Friday, February 18, 2011
DALLAS Seven North Texas-area residents, including the owners and operators of two health care companies, were arrested today on charges outlined in two indictments returned by a grand jury in Dallas last week and unsealed today, that they participated in a series of separate schemes in the North Texas area to defraud the Medicare program of more than $2.8 million, announced U.S. Attorney James T. Jacks of the Northern District of Texas, at a press conference in Dallas today. Mike Fields, Special Agent in Charge of the Dallas Regional Office of the Inspector General (OIG) for the Department of Health & Human Services (HHS), Robert E. Casey Jr., Special Agent in Charge, Dallas FBI Field Office, and the Texas Attorney General’s Medicaid Fraud Control Unit joined in making the announcement.
These indictments are part of a nationwide takedown by the Departments of Justice (DOJ) and HHS Medicare Fraud Strike Force, a multi-agency team of federal, state and local investigators designed to combat Medicare fraud through the use of Medicare data analysis techniques and an increased focus on community policing. These Medicare Fraud Strike Force operations have led to charges against 111 defendants for their alleged participation in Medicare fraud schemes involving more than $225 million in false billing. DOJ and HHS today announced that the Medicare Fraud Strike Force, previously operating in seven locations across the country (Miami, Los Angeles, Detroit, Houston, Brooklyn, Tampa and Baton Rouge), has expanded operations to Dallas and Chicago.
"With this takedown, we have identified and shut down large-scale fraud schemes operating throughout the country. We have safeguarded precious taxpayer dollars. And we have helped to protect our nation’s most essential health care programs, Medicare and Medicaid, said Attorney General Eric Holder. As today’s arrests prove, we are waging an aggressive fight against health care fraud.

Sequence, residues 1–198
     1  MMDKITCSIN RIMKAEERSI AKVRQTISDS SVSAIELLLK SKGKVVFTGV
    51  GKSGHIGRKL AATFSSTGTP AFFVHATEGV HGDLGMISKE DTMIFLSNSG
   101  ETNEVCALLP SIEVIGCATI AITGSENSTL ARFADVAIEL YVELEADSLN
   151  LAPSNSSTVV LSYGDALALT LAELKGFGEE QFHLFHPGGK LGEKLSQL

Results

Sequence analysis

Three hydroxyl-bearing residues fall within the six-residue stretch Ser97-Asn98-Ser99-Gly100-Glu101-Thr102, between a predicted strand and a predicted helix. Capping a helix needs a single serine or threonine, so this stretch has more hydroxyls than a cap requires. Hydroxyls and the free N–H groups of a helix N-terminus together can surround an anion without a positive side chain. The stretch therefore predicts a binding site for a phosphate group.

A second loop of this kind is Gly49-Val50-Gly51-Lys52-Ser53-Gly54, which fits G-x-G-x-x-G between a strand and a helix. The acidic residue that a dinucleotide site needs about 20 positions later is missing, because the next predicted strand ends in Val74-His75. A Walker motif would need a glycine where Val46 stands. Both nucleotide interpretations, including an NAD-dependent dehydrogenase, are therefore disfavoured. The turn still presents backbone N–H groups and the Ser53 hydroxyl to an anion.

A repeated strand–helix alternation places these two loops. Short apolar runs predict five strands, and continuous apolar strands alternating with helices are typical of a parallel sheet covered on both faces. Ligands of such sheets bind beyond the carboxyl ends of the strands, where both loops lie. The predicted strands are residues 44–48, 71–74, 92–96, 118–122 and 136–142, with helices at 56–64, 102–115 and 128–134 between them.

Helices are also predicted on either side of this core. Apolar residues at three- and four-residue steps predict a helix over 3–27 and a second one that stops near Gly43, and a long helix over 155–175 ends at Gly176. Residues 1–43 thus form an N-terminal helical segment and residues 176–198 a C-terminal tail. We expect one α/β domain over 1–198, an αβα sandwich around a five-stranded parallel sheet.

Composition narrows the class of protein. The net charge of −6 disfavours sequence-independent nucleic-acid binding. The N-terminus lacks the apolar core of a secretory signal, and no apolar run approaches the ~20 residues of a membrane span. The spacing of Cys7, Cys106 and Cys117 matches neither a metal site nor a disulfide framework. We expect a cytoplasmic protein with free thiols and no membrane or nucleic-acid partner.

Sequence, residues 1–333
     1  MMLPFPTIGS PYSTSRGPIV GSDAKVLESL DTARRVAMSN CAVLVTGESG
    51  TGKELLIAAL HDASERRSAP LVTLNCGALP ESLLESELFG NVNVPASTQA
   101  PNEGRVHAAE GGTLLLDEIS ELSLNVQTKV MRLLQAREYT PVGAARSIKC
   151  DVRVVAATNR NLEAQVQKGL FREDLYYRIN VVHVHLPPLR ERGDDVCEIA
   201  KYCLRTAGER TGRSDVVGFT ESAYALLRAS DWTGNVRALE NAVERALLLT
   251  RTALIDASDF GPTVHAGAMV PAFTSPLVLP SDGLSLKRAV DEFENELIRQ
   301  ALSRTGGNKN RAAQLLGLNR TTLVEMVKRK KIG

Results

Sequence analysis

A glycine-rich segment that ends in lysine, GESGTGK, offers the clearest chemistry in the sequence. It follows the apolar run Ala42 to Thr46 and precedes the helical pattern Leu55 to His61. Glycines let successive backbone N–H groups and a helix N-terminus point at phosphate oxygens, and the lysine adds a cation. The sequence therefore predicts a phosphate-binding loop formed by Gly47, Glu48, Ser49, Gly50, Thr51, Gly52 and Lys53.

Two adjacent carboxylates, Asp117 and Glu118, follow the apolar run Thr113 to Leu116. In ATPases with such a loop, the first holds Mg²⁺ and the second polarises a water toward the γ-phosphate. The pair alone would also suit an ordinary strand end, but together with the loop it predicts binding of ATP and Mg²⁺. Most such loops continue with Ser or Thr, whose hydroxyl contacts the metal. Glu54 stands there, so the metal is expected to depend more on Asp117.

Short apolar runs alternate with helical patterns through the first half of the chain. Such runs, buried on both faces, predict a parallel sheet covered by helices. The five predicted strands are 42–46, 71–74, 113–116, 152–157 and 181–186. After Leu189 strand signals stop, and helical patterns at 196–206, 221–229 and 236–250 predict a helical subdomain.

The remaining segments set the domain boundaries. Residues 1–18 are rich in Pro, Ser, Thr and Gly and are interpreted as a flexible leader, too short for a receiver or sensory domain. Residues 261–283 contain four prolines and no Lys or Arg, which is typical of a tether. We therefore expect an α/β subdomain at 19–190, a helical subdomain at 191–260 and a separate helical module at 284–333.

U.S. Attorney Jacks said, Health care fraud has infiltrated almost every layer of the health care industry and the addition of a Health Care Fraud Prevention & Enforcement Action Team (HEAT) Strike Force in Dallas greatly expands law enforcement’s combined efforts in this area to root out this fraud that costs taxpayers, patients and private insurers millions of dollars, and prosecute those responsible. Today’s arrests in our area are merely the beginning of the Strike Force’s efforts.
Since their inception in March 2007, Strike Force operations in nine districts, have indicted 1000 defendants who collectively have falsely billed the Medicare program for more than $2.3 billion. In addition, the HHS Centers for Medicare and Medicaid Services, working in conjunction with HHS-OIG, are taking steps to increase accountability and decrease the presence of fraudulent providers.
Financial kickbacks and fraudulent medical billing as alleged here today subvert the nation’s Medicare program by steering tax dollars into provider pockets, rather than sound patient care, said Special Agent in Charge Mike Fields. Today’s actions are part of a coordinated, nationwide sweep in the OIG’s continuing battle against the very real threat that health care fraud poses to the viability of the Medicare program.